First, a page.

Singapore’s new National Stadium has the world’s largest single-span dome. And by leaving it open at one end, its designers have given the multi-purpose pitch one of the most beautiful backdrops in sport
Since 1965, the building that has the largest single-span dome in the world has always been a sports stadium. This year the National Stadium of Singapore claims that title, with a diameter of 312m and a height of 80m.
The stadium is at the heart of the new Singapore Sports Hub, a 35ha redevelopment of a former airfield that will serve professional sportspeople and the general public alike. The development comprises the national stadium, Kenzo Tange’s 1989 Singapore Indoor Stadium (SIS), two sports arenas, an aquatics centre, a watersports centre, 41,000sq m of retail and waterfront, a visitor centre, sports library, museum and a rail station.
With an investment of over 1 billion US dollars from the Singapore government and the client who will run the facility, the development is an Olympian achievement without the fuss of having to host a sporting mega-event.
The arena offers a remarkable number of configurations in the seating arrangements, as well as cooling and the ability to open and close the roof, all of which make it suitable for a number of occasions – be it a football tournament, cricket match or national parade. “We were given the most amazing site you could be given on the waterfront in Singapore and an ambitious and visionary brief from the client,” says Clive Lewis, an associate at Arup Associates who led the design of the stadium and worked on the construction with Aecom and local firm DP Architects.
The Sports Hub was proposed in 2000, when the old Kallang stadium was declared unfit for purpose. The competition for the complex was launched in 2006. “The government wanted to know what the right thing for Singapore was,” says Lewis. “Did it want to spread out its sports facilities? Or put them all in one location?”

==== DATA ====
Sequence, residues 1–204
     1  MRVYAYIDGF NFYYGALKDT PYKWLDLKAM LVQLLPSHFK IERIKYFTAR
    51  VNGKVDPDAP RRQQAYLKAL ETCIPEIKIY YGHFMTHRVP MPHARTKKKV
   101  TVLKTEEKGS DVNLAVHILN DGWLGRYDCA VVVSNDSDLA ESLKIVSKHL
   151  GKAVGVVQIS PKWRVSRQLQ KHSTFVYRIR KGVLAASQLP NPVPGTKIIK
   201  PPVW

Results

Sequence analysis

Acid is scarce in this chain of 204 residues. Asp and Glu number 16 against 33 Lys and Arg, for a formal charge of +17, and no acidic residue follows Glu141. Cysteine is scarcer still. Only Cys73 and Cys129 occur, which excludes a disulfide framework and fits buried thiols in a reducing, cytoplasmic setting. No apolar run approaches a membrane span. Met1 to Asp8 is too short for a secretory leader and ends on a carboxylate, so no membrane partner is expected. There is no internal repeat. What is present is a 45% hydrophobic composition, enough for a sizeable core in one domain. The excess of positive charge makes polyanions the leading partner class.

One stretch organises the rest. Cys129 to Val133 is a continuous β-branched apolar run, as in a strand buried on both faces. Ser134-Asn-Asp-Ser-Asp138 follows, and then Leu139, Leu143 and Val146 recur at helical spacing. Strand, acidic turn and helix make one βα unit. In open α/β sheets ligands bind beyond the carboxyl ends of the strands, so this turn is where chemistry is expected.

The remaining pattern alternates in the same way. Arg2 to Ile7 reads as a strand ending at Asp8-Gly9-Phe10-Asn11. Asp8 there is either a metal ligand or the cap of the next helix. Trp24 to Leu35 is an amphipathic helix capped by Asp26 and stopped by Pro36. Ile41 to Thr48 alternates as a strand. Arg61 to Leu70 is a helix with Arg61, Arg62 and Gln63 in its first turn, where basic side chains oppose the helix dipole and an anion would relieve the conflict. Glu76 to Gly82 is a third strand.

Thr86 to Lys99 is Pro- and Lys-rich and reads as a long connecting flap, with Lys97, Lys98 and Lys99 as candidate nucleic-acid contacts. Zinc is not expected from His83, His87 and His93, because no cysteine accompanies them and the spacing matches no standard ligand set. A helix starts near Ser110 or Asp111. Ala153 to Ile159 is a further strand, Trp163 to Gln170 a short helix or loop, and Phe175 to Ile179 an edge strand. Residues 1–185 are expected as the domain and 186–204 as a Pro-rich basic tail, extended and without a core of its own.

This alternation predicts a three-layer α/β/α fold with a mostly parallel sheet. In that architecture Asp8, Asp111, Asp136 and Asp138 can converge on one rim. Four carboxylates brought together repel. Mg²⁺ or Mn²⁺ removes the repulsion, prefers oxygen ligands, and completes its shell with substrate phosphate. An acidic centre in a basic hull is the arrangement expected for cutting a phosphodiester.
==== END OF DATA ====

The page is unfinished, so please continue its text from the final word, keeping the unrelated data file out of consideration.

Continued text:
The west side of the dome is open, allowing views of the bay
It is the dome that anchors the Sports Hub to its site. It has a powerful presence, particularly looking towards the end that opens out to the city when each side of the ETFE roof is clasped shut. “The location next to Tange’s indoor stadium was a key decision,” Lewis says. “We were creating a landmark building, it had to have a presence from the city, but respect the Tange building.
I think that the inverted peak of the SIS and the dome sit perfectly together.” Lewis and his team have certainly taken the stadium’s neighbour into account: both buildings draw from a material palette that includes concrete, aluminium and tiered greenery around the plinth.
But where Tange’s building is solid and mute, a passive and imposing presence on the skyline, the new stadium is inviting – from the tiered canvas canopies that cover the concourse to the vast opening that frames the city and the massive LED lighting system across the surface of the dome that lights up the sweltering skies at night. Covering some 20,000sq m, it is the largest addressable LED screen in the world. “We never set out to design such a massive dome,” reflects Lewis. “Once we had made the decision to do so, a lot of things began to make sense. We could really make the project work.”
Inside the stadium, the structure that supports the external skin and the ETFE pillows that open and close to the heavens dominates. This structure is symmetrical and loops and crosses itself in a manner that conveys how the substantial loads are transferred to the two-storey plinth on which the stadium rests.
“The delay in this project meant that we could refine the structure to make it as efficient as possible,” Lewis says. “We worked with about a 40 per cent penalty, so if you added ten kilos to the weight of the shell, you would have to increase the weight of the structure by four kilos. This led to the decision to use the pillows on the roof – not only would they filter the natural light, but they’re light and flexible, which helped optimise the structure of the trusses.”
There are 20,000 steel members in the roof, and each truss that arks over the pitch tapers from 5m deep at its zenith to 2m at the point of contact with the plinth. “The opportunity with a dome this size is that it adds an intensity to the structure,” Lewis says. “It is a part of
The dome’s open west end frames the Singapore Wheel and the Marina Bay Sands, providing a vista that very few stadiums in the world can offer – the city is linked to the occasion, the action on the pitch plays out in front of the CBD. It is an excellent decision, giving the massive structure the opportunity to nod to its context. Also, the proximity of the city centre means that the sound from each event, the Kallang Roar as it is known to locals, will be a reminder that something is happening.
Images: Thant Zaw Wai, Christian Richters
Five-metre-deep steel trusses arc over the pitch